Skip to navigation Skip to content Skip to footer

NCAA WOMAN OF THE YEAR NOMINEE: Caitlyn Whiteside (Wilmington University)

Courtesy of Doug DeBiase, CACC Associate Commissioner for Strategic Communications
Courtesy of Doug DeBiase, CACC Associate Commissioner for Strategic Communications

Courtesy of Doug DeBiase, CACC Associate Commissioner for Strategic Communications

NEW HAVEN, Conn. (July 22, 2019) -- Caitlyn Whiteside accomplished many incredible feats during her four-year career at Wilmington University.

She earned several individual accolades, while also helping Wilmington softball go on an incredible run of success as a team. She was a three-time All-CACC First-Team honoree as a pitcher, while bookending her career with conference titles in 2016 (freshman season) and 2019 (senior season). Along the way, the Wildcats made three trips to the NCAA Division II East Region Tournament, including hosting one of the two regional sites this past spring.

Whiteside's remarkable collegiate career enabled her to get noticed in the professional ranks, as in early June she was selected with the eighth overall pick in the first round of the 2019 ASBA Draft by the E1 Pro Ballers. She became the first player in the softball program's history to be drafted into the professional ranks.

Whiteside also made great strides in the classroom, as she earned a 3.19 cumulative grade point average on the way earning her undergraduate degree in behavioral science with a certificate in child advocacy studies.

When she was not tossing gems in the pitching circle, Whiteside was giving back to area youth by volunteering as a clinic instructor over her four years at Wilmington.

Whether on the diamond, in the classroom, or in the local community, Whiteside was a perfect representative of Wilmington University Athletics, and it was an easy choice for the school to nominate her for the 2019 NCAA Woman of the Year award.


General Information
School: Wilmington University
Sport: Softball
Class: Senior
Hometown: Bermuda Dunes, Calif.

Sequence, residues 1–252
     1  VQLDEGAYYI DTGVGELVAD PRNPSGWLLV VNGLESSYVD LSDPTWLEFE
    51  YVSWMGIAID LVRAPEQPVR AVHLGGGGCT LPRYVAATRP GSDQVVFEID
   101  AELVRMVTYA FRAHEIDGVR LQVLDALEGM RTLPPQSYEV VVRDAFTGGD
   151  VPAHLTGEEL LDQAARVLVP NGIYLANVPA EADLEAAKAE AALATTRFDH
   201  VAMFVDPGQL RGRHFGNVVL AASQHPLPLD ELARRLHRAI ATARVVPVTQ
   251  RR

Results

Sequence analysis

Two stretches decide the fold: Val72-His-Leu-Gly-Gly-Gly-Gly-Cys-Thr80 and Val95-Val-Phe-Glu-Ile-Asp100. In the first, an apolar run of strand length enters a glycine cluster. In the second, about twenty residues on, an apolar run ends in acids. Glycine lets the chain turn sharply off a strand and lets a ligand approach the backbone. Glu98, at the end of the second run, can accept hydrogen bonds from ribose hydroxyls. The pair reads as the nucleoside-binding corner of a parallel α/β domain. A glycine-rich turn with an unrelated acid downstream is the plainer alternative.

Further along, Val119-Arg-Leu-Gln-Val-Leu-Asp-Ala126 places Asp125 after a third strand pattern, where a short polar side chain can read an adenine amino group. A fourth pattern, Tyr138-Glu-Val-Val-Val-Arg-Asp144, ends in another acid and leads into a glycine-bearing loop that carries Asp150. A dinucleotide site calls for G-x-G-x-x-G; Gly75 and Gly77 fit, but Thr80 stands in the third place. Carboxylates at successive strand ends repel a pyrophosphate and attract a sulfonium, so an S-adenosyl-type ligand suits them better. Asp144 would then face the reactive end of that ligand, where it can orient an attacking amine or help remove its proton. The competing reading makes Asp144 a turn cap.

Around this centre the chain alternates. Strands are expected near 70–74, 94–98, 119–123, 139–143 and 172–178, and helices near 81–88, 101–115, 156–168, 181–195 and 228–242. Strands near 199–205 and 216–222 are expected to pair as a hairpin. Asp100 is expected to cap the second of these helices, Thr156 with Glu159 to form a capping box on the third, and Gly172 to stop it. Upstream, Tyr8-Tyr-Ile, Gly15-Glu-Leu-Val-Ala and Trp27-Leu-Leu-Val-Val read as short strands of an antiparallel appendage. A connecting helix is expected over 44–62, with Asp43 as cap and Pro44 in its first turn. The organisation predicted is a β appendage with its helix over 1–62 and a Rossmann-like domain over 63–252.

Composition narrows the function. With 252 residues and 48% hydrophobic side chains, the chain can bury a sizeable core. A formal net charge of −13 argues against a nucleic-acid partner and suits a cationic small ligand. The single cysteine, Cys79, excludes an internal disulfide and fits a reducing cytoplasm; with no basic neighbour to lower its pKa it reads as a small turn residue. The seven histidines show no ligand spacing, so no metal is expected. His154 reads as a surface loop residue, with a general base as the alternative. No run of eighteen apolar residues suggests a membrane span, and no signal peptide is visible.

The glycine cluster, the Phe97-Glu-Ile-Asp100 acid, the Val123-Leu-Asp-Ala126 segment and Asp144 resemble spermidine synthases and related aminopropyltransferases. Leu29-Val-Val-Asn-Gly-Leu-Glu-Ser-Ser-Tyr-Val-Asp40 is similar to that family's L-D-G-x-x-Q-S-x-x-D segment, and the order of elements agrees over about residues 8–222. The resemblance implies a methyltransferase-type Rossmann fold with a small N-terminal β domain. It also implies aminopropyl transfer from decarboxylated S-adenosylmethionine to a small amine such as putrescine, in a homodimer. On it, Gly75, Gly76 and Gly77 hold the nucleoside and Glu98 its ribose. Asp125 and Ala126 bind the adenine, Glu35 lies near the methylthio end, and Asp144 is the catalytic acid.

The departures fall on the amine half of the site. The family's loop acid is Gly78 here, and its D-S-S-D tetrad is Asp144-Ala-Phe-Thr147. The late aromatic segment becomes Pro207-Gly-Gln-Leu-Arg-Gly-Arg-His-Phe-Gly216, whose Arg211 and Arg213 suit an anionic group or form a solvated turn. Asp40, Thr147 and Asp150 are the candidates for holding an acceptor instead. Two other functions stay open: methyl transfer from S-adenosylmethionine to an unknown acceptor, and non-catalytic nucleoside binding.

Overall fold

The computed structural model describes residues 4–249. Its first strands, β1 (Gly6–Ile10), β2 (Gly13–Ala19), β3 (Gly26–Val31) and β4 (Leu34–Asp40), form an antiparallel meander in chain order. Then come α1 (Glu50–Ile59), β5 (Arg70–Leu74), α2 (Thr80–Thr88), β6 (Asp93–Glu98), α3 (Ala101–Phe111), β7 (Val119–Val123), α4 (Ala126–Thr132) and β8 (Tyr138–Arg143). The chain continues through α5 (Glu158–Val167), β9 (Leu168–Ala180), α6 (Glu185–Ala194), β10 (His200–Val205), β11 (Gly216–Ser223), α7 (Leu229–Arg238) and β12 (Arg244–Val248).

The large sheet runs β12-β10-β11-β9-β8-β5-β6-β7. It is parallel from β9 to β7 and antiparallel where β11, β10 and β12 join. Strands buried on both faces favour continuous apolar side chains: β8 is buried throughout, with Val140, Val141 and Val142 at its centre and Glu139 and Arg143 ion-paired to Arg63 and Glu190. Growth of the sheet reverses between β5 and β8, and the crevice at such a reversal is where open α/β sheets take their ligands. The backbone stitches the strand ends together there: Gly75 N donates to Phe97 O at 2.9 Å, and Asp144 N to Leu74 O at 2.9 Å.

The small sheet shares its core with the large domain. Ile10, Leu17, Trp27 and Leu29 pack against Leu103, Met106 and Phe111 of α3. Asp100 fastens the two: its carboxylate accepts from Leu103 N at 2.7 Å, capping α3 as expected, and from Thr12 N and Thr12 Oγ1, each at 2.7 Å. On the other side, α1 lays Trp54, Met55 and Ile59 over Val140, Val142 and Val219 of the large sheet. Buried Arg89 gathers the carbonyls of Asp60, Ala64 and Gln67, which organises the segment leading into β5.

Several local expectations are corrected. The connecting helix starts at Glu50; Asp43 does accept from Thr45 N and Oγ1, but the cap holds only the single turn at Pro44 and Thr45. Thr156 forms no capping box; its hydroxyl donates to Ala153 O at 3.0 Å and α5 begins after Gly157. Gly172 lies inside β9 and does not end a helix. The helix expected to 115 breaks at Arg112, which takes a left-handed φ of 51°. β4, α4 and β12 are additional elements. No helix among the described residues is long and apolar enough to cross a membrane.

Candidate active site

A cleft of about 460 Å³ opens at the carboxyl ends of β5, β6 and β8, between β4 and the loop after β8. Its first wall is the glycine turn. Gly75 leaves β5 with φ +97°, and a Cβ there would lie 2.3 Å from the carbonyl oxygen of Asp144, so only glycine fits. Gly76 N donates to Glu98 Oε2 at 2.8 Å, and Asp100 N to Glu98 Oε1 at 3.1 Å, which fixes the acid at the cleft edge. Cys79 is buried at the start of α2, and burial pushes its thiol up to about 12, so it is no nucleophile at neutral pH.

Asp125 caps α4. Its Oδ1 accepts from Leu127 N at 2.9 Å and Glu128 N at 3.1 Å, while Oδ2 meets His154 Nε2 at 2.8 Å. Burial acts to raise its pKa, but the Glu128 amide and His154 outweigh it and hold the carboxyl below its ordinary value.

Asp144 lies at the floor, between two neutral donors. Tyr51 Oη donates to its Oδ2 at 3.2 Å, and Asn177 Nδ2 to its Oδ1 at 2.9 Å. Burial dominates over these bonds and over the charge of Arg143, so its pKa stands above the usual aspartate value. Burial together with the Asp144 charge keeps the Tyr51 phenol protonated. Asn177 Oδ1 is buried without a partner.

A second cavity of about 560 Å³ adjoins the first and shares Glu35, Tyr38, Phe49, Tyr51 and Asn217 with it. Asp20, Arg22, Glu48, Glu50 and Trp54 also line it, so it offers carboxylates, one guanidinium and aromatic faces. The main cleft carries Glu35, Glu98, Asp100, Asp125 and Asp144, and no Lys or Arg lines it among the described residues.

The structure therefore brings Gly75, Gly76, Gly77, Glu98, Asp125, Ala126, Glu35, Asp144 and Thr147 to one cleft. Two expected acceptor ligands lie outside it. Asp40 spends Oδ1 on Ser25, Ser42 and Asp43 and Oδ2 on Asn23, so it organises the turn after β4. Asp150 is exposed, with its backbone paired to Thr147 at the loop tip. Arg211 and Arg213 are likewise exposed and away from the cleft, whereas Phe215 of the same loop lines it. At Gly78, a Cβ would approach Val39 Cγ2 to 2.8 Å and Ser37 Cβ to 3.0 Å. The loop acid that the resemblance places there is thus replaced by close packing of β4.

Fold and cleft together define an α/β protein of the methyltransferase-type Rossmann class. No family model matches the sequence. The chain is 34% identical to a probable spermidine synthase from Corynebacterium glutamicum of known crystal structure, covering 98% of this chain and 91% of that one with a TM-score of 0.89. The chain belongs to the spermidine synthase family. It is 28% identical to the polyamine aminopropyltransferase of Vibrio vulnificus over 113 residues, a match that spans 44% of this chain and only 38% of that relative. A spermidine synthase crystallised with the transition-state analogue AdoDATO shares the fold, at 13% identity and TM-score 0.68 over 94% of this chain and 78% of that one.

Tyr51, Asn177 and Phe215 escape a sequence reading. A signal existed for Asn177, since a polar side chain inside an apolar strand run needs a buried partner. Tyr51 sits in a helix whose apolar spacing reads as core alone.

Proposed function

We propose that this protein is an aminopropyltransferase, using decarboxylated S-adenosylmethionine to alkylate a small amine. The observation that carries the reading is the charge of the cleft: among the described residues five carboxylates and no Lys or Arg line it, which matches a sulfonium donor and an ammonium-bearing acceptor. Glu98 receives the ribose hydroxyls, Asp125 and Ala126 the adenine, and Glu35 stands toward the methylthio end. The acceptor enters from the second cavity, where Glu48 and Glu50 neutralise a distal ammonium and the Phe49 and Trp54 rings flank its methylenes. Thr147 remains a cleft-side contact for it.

Athletic Achievement
Freshman Season (2016): Led the team in wins as a rookie with 12 ... helped guide the Wildcats to the CACC Championship and a berth in the NCAA Division II East Region Tournament.

Sophomore Season (2017): Earned First-Team All-CACC honors ... garnered Second-Team All-East Region status from the D2CCA and the NFCA ... guided the team to the NCAA Division II East Region Tournament.

Junior Season (2018): Earned First-Team All-CACC honors.

Senior Season (2019): Named to the All-CACC First Team ... earned Second-Team All-East Region honors from the D2CCA ... helped lead WilmU to the CACC Championship and one of two regional hosts for the NCAA Division II East Region Tournament ... named MVP of CACC Softball Championship, and earned a spot on the CACC All-Tournament Team.

Academic Achievement
Major: Behavioral Science with a certificate in Child Advocacy Studies
Cumulative GPA: 3.19

Community Engagement
Wilmington Softball Camps (2017-2019): Volunteered at University softball clinics, teaching local children the proper fundamentals in softball.

Pitching Lessons (2015-2018): Volunteered over her holiday and summer breaks to give pitching lessons to local youth.

TNT Softball Showcase (2018): Assisted with registration and field crew duties at the event.


"I am one of the few that was lucky enough to be able to play college sports while also getting my degree, I am forever blessed for what Wilmington University has given me. My opportunities that I have been blessed with have been endless. My experience as a scholar, an athlete, and a leader has led me to become a better woman because it has taught me to be true to who I am, to work hard for what I want, and to believe in not only myself but in others. To see the good in yourself you have to see the good in others. Being a scholar has taught me to think and dig deeper than the surface, being an athlete has taught me to be a team player, it has taught be to be a good mediator, and it has led me to make my mark on the program. Being a leader is something that has had the most impact on my life and will lead me to leave my mark on the world because I believe that I have the skills to motivate people to do their best and become their best version of themselves. I am very responsible and committed to just about everything I do. When I set my mind to something, I go for it. When I start something, I finish it. I am 100% committed to just about any task I am given. I am ready to conquer the world with all I have."

Established in 1991, the NCAA Woman of the Year award recognizes graduating female college athletes who have exhausted their eligibility and distinguished themselves in academics, athletics, service and leadership throughout their collegiate careers. The NCAA encourages member schools to honor their top graduating female student-athletes each year by submitting their names for consideration for the Woman of the Year award.

Next, conferences will select up to two nominees each from the pool of school nominees (that announcement will be made in late July/early August). Then, the Woman of the Year selection committee, made up of representatives from the NCAA membership, will choose the Top 30 honorees — 10 from each division.

The selection committee will determine the top three honorees in each division from the Top 30 and announce the nine finalists in September. From those nine finalists, the NCAA Committee on Women's Athletics then will choose the 2019 NCAA Woman of the Year.

The Top 30 honorees will be celebrated and the 2019 NCAA Woman of the Year will be named at the annual award ceremony Oct. 20 in Indianapolis.